Molly writes, “As a life-long learner with a wide variety of academic interests related to identity, community, and history, I feel very at home in the Interdisciplinary Programs office, helping to connect all these individually important and deeply connected programs of study to ensure that they run smoothly.”

We are honored to have this talented, conscientious, warm, and accomplished addition to Swarthmore’s staff and broader community. Welcome Molly!

 

Course Alert: Spots open for PEAC094: Special Topics – Friends, Peace and Sanctuary

Interested in co-creating a graphic novel about migration with a small group of faculty/staff and individuals resettled to Philadelphia from Syria and/or Iraq? Then consider taking PEAC:094 Friends, Peace, and Sanctuary.

In addition to the course, which will meet at McCabe Library on Wednesdays 1:15-4:00 for the first half of the semester, students will participate in workshops facilitated by local community artist Josh Graupera to create a narrative that will then be illustrated by Eric Battle, who has done work with such companies as Marvel Comics. Students must be able to participate in all three workshops, which will take place at the Lang Center for Civic and Social Responsibility on the afternoons of 9/9, 9/23, and 10/7.

Enrollment is by permission only. Interested students should send a short paragraph to Katie Price (kprice1) and Peggy Seiden (pseiden1) about why they are interested in the course.

participant in Friends Peace Sanctuary course

COURSE DESCRIPTION

PEAC 094: Friends, Peace, and Sanctuary
Instructors: Peggy Seiden & Katie Price
Wednesdays 1:15-4:00 PM | Ends before Fall Break

In this half-credit engaged scholarship course, students will learn about historical and contemporary refugees through a variety of methods, including readings, archival research, and co-creation. As part of the course, students will participate with resettled Iraqis and Syrians and Swarthmore faculty and staff in a series of artist-led workshops in which participants will co-create a graphic novella. The course will include discussions and written reflections based on the readings and workshops.  This course is tied to Friends, Peace, and Sanctuary, a two-year project funded by The Pew Center for Arts and Heritage that brings renowned book artists into conversation with Syrian and Iraqi individuals who have resettled to Philadelphia. Students will be working with and learning directly from project collaborators, and their work may be shared publicly on the Friends, Peace, and Sanctuary website and may also be published or exhibited in Spring 2019.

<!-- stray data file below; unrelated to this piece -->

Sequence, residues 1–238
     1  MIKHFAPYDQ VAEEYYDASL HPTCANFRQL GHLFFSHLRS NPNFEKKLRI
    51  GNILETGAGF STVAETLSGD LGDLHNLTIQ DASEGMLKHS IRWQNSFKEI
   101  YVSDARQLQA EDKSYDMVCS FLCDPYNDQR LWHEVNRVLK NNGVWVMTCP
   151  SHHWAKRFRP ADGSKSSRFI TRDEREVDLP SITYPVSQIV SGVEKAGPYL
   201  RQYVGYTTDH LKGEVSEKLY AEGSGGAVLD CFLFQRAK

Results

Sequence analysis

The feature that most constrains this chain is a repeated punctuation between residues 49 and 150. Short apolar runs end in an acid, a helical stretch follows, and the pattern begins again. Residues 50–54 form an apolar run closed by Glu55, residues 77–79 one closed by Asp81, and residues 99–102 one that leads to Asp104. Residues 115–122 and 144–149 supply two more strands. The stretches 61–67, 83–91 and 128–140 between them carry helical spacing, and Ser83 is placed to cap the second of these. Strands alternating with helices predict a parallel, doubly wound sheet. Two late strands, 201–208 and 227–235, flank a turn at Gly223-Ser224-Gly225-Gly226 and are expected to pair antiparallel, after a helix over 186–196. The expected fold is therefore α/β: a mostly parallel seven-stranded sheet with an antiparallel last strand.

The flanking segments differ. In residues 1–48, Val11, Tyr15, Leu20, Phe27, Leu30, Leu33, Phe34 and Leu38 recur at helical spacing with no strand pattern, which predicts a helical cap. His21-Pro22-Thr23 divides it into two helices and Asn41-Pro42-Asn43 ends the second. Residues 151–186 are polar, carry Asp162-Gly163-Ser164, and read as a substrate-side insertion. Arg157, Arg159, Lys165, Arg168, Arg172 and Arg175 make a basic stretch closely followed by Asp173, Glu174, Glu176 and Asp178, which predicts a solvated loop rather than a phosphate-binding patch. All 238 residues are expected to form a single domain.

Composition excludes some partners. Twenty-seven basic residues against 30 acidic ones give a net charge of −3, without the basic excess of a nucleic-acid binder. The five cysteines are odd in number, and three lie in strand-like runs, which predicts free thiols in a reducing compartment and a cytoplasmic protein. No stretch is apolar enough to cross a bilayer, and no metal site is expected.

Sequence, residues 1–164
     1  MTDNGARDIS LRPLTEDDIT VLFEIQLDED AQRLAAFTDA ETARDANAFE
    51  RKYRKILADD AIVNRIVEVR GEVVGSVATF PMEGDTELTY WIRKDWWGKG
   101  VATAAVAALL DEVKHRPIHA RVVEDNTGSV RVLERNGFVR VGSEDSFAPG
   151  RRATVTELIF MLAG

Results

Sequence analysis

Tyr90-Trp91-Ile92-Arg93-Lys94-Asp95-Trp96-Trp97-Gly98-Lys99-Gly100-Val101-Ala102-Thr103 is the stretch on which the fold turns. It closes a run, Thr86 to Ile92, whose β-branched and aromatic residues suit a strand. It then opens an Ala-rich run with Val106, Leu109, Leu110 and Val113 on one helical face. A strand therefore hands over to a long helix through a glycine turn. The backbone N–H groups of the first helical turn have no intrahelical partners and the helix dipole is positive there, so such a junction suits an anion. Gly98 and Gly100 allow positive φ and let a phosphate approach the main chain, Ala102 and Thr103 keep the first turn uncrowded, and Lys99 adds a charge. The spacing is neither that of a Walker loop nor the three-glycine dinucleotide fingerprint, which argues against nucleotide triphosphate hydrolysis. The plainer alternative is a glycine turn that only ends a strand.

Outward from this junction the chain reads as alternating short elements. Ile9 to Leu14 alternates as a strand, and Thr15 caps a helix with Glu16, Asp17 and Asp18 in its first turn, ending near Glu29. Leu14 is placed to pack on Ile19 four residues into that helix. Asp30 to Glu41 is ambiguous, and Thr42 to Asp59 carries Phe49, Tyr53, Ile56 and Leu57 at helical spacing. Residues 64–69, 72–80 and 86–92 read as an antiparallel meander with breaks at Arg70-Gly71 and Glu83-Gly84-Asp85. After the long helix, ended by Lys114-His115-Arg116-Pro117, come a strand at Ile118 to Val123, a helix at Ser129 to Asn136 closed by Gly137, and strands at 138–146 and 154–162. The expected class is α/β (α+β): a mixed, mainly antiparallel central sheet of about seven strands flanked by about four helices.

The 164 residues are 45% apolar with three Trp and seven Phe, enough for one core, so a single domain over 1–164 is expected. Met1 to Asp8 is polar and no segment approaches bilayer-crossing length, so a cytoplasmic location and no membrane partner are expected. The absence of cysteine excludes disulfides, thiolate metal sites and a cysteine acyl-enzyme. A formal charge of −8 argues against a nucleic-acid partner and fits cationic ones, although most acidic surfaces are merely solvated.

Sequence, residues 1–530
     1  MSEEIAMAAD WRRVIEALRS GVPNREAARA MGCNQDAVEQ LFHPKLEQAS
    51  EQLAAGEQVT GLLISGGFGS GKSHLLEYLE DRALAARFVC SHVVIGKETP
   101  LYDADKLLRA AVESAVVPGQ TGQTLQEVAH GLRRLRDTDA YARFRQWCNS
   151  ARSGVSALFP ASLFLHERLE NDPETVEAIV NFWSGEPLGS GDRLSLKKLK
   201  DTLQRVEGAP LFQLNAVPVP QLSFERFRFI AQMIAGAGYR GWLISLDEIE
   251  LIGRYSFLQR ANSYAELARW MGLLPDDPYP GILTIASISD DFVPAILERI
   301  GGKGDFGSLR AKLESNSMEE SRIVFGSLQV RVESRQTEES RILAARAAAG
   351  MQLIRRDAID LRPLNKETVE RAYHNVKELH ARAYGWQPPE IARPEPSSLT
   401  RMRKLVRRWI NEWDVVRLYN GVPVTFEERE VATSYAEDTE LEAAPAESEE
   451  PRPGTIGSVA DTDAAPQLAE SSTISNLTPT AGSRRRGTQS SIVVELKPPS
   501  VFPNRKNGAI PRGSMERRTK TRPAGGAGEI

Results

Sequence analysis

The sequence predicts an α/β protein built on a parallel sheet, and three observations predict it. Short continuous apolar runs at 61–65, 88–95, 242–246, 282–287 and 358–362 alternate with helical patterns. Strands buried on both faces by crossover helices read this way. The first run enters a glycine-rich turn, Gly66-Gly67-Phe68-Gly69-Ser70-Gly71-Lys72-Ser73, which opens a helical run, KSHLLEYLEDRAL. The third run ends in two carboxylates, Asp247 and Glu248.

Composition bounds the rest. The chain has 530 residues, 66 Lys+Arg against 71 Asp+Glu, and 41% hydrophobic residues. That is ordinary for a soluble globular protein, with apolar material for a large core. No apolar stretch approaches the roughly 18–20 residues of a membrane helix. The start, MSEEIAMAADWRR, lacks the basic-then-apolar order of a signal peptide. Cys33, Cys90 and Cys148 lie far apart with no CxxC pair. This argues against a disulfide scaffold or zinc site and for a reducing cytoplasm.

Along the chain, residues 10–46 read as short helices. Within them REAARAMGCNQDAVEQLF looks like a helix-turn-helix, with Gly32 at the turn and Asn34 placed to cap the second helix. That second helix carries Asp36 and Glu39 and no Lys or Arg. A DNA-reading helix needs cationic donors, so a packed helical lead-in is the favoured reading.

Limited to five students, by permission of instructors. Course will be taught CR/NC unless otherwise requested. The course will run for the first half of the fall semester.

Job opening: Visiting Faculty in Peace and Conflict Studies

The deadline for applications for this position has been updated to November 5.

The Peace and Conflict Studies Program of Swarthmore College invites applications for an open rank full-time two-year visiting faculty position, beginning Fall 2019.

Scott Arb Rose Garden 01-big


Peace and Conflict Studies Visiting Faculty – Rank Open
Swarthmore College: Peace & Conflict Studies Program
Location: Swarthmore, PA 19081

Description
The Peace and Conflict Studies Program of Swarthmore College invites applications for an open rank full-time two-year visiting faculty position, beginning Fall 2019. Swarthmore College, a highly selective liberal arts college near Philadelphia, is committed to excellence through diversity in its educational program and employment practices and actively seeks and welcomes applications from candidates with exceptional qualifications, particularly those with demonstrable commitment to a more inclusive society and world. Swarthmore College is an Equal Opportunity Employer. Women and minorities are strongly encouraged to apply.

Qualifications
Candidates should demonstrate expertise in peace and conflict studies and the humanities. We welcome geographic expertise besides Europe and the Middle East/North Africa. The successful candidate for the position will be expected to teach four courses per year in our interdisciplinary undergraduate program, including the senior seminar for majors. We seek a candidate with strong teaching and research skills and a knowledge and passion for peace studies that will support student advising and contribute to the development of a dynamic program. The strongest candidates will demonstrate a commitment to creative inclusive teaching and a research program that speak to and motivate undergraduates from diverse backgrounds. A Ph.D. in peace and conflict studies or in another discipline should be in hand by September 2019, accompanied by intellectual and professional engagement in the field of peace and conflict studies.